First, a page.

Meanwhile Mittens is wreaking havoc on the lives of its cat-nappers. Eventually, though, he warms their hearts and they grow to love him and his mouse-and-bird-killing ways.

Right when they do, Trevor shows up for the showdown.

What will happen next? Will Trevor get the cat back? Will the President decide to keep the Fake Mittens? Will Trevor ever write the book of his dreams? Will a studio option this idea for $1,000,0000? who knows?

Oh, and it is supposed to be a comedy.

Wednesday, June 20, 2007

The Thing That Made Me Laugh The Most Today

I laugh at many things. As a highly-paid traveling consultant, I have to.

This, however, made me laugh the most.

And just when you couldn't laugh any harder, Veronica Belmont posts this.

What I Have Been Up To

I haven’t been posting much lately because I’m deeply involved in Script-Frenzy this month.

The idea is you write a feature-length film script in 30 days. 20,000 words of which I have completed close to 6,000. (Don't worry, I always write like this - the closer to the deadline the more work I actually accomplish.)

I decided to do a sort of sequel/update of Christopher Marlowe’s “Doctor Faustus,” but thanks tothe combination of a looming deadline and my questionable talent, the script is quickly turning into a grindhouse-style horror film and not necessarily the life-changing art film I set out to write.

Not all is lost, though. I was able to work in this scene, based on a true-life event I witnessed in the Oklahoma City bus station sometime in the early 90s.

An old man and a 20ish woman sit together on a bench. There are two children running around, screaming and generally being a nuisance.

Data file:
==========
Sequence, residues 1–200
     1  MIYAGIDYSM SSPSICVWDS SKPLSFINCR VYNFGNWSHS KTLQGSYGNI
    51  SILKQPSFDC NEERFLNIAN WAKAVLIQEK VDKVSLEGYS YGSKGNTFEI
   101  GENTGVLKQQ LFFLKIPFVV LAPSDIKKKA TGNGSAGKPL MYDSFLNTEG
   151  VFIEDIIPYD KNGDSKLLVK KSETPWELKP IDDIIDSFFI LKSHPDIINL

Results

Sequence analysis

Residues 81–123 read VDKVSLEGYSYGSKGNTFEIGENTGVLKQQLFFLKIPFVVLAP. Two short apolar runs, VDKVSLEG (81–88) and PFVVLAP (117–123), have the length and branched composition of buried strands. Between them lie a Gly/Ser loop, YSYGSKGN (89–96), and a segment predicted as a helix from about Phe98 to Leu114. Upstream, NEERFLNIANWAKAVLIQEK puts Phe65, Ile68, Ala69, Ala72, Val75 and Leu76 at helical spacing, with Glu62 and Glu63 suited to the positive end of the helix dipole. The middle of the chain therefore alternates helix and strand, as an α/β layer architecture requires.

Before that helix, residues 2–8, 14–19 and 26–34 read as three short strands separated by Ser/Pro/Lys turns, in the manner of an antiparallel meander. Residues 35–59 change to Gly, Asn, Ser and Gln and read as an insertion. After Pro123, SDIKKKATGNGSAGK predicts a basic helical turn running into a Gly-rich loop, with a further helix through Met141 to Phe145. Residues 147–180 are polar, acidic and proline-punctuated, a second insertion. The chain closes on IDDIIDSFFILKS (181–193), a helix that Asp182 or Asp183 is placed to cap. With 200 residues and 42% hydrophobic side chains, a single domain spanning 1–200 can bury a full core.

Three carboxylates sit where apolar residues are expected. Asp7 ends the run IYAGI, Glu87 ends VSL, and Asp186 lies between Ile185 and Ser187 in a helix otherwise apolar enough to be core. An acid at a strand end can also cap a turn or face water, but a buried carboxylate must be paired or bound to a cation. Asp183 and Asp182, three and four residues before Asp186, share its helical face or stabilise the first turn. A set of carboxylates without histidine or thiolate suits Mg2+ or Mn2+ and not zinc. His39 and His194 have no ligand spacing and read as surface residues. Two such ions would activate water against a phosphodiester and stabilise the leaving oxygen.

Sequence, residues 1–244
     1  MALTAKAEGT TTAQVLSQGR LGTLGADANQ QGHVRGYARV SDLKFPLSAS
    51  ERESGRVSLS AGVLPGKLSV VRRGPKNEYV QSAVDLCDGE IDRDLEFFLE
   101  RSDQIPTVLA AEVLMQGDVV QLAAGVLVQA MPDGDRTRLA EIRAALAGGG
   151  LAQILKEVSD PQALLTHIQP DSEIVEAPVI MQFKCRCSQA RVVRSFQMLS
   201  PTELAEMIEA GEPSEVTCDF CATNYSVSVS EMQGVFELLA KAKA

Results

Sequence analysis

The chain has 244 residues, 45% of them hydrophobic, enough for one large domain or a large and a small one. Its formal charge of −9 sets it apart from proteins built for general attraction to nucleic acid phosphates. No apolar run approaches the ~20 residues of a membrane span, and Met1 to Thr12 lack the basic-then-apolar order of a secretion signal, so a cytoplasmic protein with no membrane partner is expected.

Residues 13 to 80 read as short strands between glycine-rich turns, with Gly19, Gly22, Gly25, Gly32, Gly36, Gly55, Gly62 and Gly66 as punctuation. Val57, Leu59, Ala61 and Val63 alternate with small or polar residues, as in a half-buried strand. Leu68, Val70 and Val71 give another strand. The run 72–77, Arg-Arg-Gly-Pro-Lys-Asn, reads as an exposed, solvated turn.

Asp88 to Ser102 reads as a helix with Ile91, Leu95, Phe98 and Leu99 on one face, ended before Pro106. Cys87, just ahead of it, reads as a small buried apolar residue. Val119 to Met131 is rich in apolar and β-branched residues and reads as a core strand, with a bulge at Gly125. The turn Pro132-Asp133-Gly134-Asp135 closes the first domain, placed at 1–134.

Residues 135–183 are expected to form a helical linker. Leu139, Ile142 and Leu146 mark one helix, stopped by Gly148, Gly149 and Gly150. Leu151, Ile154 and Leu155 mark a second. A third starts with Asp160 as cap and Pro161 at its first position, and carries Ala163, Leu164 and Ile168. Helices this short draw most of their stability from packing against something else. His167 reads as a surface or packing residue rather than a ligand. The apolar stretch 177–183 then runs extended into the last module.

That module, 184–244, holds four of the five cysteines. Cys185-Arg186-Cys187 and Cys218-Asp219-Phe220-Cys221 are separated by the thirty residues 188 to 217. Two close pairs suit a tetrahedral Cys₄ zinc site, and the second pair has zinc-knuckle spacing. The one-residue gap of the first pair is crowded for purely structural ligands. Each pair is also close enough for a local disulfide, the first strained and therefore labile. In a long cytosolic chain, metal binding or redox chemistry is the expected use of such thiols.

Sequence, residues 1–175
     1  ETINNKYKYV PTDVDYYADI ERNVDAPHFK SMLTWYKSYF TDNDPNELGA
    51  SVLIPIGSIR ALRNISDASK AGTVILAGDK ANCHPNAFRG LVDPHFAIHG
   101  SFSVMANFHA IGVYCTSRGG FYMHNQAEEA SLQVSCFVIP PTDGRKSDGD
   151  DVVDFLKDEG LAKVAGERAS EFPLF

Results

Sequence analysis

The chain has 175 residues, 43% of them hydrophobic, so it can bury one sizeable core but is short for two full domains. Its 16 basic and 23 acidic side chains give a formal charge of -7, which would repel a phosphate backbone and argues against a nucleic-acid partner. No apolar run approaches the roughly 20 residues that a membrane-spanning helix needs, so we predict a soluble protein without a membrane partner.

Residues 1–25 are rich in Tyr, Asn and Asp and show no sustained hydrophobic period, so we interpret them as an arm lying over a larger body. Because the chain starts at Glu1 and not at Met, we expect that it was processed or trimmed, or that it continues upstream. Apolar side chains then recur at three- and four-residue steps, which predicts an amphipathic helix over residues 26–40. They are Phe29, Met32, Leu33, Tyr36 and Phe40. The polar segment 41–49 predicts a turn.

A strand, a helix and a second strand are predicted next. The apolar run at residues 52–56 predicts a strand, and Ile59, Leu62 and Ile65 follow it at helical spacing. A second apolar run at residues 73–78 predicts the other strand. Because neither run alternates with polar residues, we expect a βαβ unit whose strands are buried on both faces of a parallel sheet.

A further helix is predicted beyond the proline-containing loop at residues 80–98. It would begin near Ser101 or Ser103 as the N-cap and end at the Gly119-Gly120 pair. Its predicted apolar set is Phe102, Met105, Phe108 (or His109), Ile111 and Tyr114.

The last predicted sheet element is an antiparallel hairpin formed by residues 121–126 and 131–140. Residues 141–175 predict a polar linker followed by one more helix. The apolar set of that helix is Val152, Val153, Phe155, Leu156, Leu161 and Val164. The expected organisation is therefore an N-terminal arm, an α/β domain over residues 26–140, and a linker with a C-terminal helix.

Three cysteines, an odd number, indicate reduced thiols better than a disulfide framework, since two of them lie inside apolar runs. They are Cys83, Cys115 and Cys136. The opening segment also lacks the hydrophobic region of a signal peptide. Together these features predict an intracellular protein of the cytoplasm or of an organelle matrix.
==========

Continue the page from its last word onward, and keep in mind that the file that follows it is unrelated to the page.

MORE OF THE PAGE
‘Scuse me ma’am, do you mind if I ask a personal question?

No. I don’t mind.

You beat your kids?

No. I don’t believe in that.

The old man mulls this over.

Want me to?

Tuesday, June 12, 2007

Wherein I Once Again Proclaim the My Wife is the Gold Standard

When I was 15, I had a crazy-mad crush on Laurie Anderson. Not only was she a wacked-out performance artist who was exciting and funny, she had also been a cheerleader. Oh, that Laurie... always challenging my expectations by simultaneously embodying two actualities most people would consider mutually exclusive.

Anyway, I saw this great little short video of Laurie Anderson where she begins the conversation with the words, "You know, I hate television." And I immediately thought of my wife, because she is the type of person who begins conversations with the words, "You know, I hate television."

As I get further into my marriage, I'm noticing that my thought process becomes more and more like this. Instead of going, "Whoa. My wife sounds just like Laurie Anderson," I go, "Whoa. Laurie Anderson sounds just like my wife." It is a subtle, but important change from when I was single, because she has now become the gold standard that I use to measure other people.

Sorry, ladies of the world.